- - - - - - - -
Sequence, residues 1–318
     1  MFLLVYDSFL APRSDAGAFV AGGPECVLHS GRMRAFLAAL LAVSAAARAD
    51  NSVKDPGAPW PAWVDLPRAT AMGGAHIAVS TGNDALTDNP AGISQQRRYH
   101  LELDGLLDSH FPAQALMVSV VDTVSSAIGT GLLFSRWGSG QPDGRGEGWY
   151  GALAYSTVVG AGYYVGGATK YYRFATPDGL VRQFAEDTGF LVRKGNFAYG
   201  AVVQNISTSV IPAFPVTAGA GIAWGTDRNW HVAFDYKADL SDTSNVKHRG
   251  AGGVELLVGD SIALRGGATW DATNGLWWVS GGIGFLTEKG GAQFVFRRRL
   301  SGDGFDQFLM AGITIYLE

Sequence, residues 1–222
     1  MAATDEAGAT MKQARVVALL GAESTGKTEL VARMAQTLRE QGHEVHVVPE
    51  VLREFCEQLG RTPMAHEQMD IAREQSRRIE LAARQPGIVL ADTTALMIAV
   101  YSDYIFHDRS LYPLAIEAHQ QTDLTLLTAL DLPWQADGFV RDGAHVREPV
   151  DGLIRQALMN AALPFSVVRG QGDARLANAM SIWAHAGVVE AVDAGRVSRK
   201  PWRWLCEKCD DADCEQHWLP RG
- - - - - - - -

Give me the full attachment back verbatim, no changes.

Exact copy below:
Sequence, residues 1–318
     1  MFLLVYDSFL APRSDAGAFV AGGPECVLHS GRMRAFLAAL LAVSAAARAD
    51  NSVKDPGAPW PAWVDLPRAT AMGGAHIAVS TGNDALTDNP AGISQQRRYH
   101  LELDGLLDSH FPAQALMVSV VDTVSSAIGT GLLFSRWGSG QPDGRGEGWY
   151  GALAYSTVVG AGYYVGGATK YYRFATPDGL VRQFAEDTGF LVRKGNFAYG
   201  AVVQNISTSV IPAFPVTAGA GIAWGTDRNW HVAFDYKADL SDTSNVKHRG
   251  AGGVELLVGD SIALRGGATW DATNGLWWVS GGIGFLTEKG GAQFVFRRRL
   301  SGDGFDQFLM AGITIYLE

Sequence, residues 1–222
     1  MAATDEAGAT MKQARVVALL GAESTGKTEL VARMAQTLRE QGHEVHVVPE
    51  VLREFCEQLG RTPMAHEQMD IAREQSRRIE LAARQPGIVL ADTTALMIAV
   101  YSDYIFHDRS LYPLAIEAHQ QTDLTLLTAL DLPWQADGFV RDGAHVREPV
   151  DGLIRQALMN AALPFSVVRG QGDARLANAM SIWAHAGVVE AVDAGRVSRK
   201  PWRWLCEKCD DADCEQHWLP RG